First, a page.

M.G. Finn


M.G.

 

Finn

Chair and Professor
Primary School/Department: 
Georgia Tech School of Chemistry and Biochemistry
Title 2: 
James A. Carlos Family Chair for Pediatric Technology

Phone: 
404-385-0906
Office Location: 
MoSE 2201B
University: 
Georgia Institute of Technology

Research Affiliations:

Research Center Affiliations: 
Center for Medical Robotics
Marcus Center for Therapeutic Cell Characterization and Manufacturing (MC3M)
Regenerative Engineering and Medicine (REM)
Immunoengineering
Center for ImmunoEngineering
Center for Drug Design Development & Delivery
Center for Chemical Evolution

Research Areas:

Research Areas: 
Biomaterials
Drug Design, Development and Delivery
Molecular Evolution

Research Interests:

We develop chemical and biological tools for research in a wide range of fields. Some of them are briefly described below; please see our group web page for more details.

Chemistry, biology, immunology, and evolution with viruses. The sizes and properties of virus particles put them at the interface between the worlds of chemistry and biology. We use techniques from both fields to tailor these particles for applications to cell targeting, diagnostics, vaccine development, catalysis, and materials self-assembly. This work involves combinations of small-molecule and polymer synthesis, bioconjugation, molecular biology, protein design, protein evolution, bioanalytical chemistry, enzymology, physiology, and immunology. It is an exciting training ground for modern molecular scientists and engineers.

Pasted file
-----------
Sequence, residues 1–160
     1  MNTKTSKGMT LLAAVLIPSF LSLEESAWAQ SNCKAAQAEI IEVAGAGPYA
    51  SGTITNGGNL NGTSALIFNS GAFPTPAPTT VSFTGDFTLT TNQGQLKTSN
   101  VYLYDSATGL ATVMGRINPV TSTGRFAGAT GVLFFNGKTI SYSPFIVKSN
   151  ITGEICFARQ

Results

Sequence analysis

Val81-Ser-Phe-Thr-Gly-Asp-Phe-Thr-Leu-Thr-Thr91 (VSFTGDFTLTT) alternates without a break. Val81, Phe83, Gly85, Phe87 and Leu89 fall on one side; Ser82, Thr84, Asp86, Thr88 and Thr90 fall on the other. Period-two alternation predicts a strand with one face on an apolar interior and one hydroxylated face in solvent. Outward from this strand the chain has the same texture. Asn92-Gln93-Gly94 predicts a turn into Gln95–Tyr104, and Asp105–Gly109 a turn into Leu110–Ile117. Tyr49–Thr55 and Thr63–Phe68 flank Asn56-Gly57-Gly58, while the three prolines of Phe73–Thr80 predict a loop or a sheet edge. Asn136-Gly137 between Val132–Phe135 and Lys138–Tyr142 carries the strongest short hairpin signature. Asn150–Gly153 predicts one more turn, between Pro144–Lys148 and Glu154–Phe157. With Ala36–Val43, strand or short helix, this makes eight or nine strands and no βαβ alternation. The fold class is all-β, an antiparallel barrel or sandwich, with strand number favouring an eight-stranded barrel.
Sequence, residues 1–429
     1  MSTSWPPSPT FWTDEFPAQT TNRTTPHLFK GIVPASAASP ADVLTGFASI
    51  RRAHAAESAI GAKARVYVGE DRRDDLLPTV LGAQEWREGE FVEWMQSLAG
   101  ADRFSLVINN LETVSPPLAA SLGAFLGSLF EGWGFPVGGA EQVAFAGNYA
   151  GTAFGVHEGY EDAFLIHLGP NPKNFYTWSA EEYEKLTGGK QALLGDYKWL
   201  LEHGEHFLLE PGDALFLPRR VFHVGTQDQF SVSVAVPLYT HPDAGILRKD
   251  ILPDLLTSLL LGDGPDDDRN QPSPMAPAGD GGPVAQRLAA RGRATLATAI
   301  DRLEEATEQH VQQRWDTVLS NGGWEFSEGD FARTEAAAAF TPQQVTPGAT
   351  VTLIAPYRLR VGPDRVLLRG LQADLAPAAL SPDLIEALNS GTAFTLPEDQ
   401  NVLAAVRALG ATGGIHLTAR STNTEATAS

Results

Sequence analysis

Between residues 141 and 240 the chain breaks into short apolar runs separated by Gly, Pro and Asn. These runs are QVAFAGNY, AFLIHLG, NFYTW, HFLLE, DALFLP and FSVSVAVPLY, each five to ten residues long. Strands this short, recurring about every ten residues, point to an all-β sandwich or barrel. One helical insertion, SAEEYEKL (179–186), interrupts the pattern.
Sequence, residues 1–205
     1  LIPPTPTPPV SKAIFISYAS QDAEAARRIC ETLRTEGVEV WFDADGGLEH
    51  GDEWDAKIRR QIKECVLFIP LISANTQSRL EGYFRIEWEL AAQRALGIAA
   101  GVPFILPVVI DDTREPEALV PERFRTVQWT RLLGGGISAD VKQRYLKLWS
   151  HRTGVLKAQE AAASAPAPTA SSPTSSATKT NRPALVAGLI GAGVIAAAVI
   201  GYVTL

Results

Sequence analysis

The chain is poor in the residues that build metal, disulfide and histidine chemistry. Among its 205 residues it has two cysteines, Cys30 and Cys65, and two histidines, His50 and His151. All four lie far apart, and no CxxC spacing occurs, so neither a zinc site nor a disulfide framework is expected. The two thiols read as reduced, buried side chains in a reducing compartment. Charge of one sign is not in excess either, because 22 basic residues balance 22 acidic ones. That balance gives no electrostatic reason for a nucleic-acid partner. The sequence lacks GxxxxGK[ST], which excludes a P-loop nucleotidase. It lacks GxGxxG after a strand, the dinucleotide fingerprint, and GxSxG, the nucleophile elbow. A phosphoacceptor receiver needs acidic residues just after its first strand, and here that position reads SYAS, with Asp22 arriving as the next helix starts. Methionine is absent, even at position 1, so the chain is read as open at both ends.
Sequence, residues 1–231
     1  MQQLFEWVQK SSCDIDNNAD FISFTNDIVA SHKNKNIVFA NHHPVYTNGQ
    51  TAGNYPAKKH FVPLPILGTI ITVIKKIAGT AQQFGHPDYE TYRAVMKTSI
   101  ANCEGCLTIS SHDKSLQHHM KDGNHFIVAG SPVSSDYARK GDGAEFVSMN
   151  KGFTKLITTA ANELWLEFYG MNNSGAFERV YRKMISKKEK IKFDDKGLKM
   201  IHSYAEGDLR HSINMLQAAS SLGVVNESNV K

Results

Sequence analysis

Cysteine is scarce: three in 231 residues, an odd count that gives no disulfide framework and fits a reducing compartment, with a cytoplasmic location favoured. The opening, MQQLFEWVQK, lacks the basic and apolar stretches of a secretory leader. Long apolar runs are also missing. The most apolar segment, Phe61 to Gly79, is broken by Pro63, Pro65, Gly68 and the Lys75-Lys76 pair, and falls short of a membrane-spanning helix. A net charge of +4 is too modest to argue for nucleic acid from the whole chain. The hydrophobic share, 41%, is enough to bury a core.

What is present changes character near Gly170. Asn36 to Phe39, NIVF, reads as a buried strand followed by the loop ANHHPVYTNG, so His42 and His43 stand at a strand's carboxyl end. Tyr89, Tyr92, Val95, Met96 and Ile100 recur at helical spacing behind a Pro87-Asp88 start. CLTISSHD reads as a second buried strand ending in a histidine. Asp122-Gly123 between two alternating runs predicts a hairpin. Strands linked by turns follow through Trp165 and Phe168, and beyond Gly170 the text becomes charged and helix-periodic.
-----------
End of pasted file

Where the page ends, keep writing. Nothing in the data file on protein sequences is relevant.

Development of reactions for organic synthesis, chemical biology, and materials science.  Molecular function is what matters most to our scientific lives, and good chemical reactions provide the means to achieve such function. We continue our efforts to develop and optimize reactions that meet the click chemistry standard for power and generality. Our current focus is on highly reliable reversible reactions, which open up new possibilities for polymer synthesis and modification, as well as for the controlled delivery of therapeutic and diagnostic agents to biological targets.

Traditional and combinatorial synthesis of biologically active compounds.  We have a longstanding interest in the development of biologically active small molecules. We work closely with industrial and academic collaborators on such targets as antiviral agents, compounds to combat tobacco addiction, and treatments for inflammatory disease.